Thanks for visiting our website devoted to the technical history of the development of John Moses Browning's iconic air cooled Caliber .30 machine gun.
The photo at left is a 1944 production M1919A4 on an M2 tripod
RIA Museum, Jodie Creen Wesemann.
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I originally became interested in the M1919 history when I bought a M1919A4 semi-auto kit from Ohio Ordnance Works. This kit contained all U.S. manufactured parts from WWII and the Alcohol, Tobacco, Firearms and Explosives Bureau of the U.S. Treasury Department approved modifications to make possession of this working firearm legal.
I noticed that many of the parts had markings which I presumed to be part numbers or some other identification.
There are several internet forums such as
1919a4.com where those interested in these weapons exchange information. Reading posts on this and other sites I became interested in how the numbers related to the era in which the parts were made.
I noticed that there were differing opinions on the markings and their meaning. Much of the information related was anecdotal with little of it attributable to any reliable source. This does not mean the information was wrong, it just meant that there was no sourcing.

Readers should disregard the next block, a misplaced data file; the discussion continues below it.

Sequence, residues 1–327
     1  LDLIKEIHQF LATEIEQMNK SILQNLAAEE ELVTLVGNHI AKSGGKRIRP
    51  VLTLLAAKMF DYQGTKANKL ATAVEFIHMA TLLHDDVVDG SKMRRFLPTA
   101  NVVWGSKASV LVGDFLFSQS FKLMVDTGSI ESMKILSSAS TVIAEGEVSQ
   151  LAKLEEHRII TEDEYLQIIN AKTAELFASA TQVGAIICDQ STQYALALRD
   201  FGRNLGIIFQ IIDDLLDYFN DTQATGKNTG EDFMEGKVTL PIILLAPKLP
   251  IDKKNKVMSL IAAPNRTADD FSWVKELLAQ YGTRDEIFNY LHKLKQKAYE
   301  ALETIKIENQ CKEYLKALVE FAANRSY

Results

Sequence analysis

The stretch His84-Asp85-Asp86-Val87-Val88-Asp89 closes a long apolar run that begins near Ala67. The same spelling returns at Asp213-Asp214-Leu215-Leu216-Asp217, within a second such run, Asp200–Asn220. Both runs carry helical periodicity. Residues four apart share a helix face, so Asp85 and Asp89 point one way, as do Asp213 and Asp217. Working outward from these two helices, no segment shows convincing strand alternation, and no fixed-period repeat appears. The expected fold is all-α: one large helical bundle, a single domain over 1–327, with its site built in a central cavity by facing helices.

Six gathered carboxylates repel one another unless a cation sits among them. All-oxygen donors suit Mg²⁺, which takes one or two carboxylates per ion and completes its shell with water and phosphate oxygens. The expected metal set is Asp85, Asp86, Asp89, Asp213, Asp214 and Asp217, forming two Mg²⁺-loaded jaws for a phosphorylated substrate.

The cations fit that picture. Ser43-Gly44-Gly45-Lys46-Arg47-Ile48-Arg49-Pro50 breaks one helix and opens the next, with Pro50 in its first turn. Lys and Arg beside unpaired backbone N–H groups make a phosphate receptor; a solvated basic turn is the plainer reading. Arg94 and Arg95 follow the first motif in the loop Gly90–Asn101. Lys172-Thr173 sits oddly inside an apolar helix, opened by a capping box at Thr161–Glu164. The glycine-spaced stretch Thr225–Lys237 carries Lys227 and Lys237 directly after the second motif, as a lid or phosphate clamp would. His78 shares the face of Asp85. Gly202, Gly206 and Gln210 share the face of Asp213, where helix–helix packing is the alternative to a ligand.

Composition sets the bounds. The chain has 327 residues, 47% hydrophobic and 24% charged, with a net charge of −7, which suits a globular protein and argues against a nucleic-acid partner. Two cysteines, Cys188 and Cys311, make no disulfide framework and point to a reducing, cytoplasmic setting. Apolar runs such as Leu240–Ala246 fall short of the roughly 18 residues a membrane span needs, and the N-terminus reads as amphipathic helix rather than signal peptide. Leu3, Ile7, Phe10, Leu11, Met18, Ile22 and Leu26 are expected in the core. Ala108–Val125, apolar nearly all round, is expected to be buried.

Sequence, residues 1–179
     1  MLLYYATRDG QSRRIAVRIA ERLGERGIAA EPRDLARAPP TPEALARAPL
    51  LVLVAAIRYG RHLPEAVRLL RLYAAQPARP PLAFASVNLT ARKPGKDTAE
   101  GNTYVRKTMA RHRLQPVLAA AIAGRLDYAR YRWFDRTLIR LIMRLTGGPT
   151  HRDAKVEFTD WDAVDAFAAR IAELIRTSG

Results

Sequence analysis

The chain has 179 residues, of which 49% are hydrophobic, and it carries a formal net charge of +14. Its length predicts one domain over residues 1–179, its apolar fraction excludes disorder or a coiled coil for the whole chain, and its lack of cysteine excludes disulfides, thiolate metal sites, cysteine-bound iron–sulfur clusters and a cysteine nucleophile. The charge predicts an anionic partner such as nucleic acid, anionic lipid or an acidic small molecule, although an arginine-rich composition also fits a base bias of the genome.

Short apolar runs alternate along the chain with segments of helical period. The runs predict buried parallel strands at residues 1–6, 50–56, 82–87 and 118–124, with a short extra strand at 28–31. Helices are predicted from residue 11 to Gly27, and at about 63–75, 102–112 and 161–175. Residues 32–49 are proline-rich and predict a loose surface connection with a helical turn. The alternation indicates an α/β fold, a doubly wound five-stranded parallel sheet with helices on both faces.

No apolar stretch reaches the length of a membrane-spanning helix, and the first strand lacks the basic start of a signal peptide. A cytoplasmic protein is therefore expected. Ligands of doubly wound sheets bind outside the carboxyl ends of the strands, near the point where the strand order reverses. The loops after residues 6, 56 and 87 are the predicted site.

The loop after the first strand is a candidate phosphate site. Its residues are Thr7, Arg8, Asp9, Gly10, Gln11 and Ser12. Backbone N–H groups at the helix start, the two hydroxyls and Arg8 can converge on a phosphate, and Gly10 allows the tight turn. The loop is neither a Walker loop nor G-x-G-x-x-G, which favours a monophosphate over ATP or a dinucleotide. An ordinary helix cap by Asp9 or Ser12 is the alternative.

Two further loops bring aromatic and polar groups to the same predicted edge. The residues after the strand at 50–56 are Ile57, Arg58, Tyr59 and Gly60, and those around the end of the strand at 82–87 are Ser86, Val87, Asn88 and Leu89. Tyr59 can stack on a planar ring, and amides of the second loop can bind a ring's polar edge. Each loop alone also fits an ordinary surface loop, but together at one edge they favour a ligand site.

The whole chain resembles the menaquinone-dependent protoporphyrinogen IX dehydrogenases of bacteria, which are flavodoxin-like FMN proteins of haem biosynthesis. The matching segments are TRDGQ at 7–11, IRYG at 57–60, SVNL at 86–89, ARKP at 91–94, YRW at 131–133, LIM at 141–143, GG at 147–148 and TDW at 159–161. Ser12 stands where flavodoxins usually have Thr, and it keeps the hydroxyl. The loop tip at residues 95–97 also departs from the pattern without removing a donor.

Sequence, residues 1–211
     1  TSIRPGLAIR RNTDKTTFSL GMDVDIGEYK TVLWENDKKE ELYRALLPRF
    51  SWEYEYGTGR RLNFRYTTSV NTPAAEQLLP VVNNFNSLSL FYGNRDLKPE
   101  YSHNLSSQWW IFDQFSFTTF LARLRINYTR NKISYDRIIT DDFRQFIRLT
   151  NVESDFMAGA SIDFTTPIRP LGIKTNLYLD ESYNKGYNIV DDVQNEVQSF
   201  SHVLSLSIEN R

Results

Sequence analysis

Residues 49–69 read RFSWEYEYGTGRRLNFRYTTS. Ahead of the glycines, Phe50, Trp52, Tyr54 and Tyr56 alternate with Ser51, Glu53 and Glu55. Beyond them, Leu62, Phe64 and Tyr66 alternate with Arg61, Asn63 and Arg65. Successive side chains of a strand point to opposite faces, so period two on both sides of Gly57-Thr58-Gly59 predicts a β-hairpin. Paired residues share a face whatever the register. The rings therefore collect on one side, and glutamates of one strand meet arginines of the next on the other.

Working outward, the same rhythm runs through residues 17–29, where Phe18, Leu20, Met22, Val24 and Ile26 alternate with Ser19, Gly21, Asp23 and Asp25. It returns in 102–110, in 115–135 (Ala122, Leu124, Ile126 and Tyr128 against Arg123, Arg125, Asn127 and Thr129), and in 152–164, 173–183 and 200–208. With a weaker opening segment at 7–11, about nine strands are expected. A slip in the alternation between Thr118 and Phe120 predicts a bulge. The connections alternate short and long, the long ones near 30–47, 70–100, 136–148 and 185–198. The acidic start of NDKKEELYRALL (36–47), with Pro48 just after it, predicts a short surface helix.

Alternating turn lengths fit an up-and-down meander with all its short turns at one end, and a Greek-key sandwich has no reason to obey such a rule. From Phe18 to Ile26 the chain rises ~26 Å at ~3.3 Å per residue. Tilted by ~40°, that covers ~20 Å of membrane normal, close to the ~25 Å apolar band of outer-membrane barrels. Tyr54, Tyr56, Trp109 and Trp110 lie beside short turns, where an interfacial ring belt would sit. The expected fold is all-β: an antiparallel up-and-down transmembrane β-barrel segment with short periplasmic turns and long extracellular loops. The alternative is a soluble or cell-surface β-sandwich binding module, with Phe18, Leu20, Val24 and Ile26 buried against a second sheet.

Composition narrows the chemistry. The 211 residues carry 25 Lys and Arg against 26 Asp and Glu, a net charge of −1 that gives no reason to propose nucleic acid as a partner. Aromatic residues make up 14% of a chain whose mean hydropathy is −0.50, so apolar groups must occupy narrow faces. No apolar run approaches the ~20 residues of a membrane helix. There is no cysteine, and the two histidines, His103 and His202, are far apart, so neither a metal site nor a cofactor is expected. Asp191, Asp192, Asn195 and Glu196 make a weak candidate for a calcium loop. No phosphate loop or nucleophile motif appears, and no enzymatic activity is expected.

One day on a whim, I decided to call the Rock Island Arsenal Museum to see if they had any archival information. It was my lucky day, Jodie Wesemann answered the phone and said yes we have drawings and other publications that may be of interest to you. They did and they were.
I decided to try to separate the wheat from the chaff and determine as far as possible how the weapon really developed, what the numbers on the parts really meant, and how the how the U.S Army Ordnance Department operated in WWII at least as far as the M1919's were concerned.
Its been like assembling one of those 1000 piece puzzles with 250 of the pieces scattered through the U.S. Everybody has a piece of the puzzle, its just finding them.
In any event, I would like to share the puzzle or at least what we have found so far.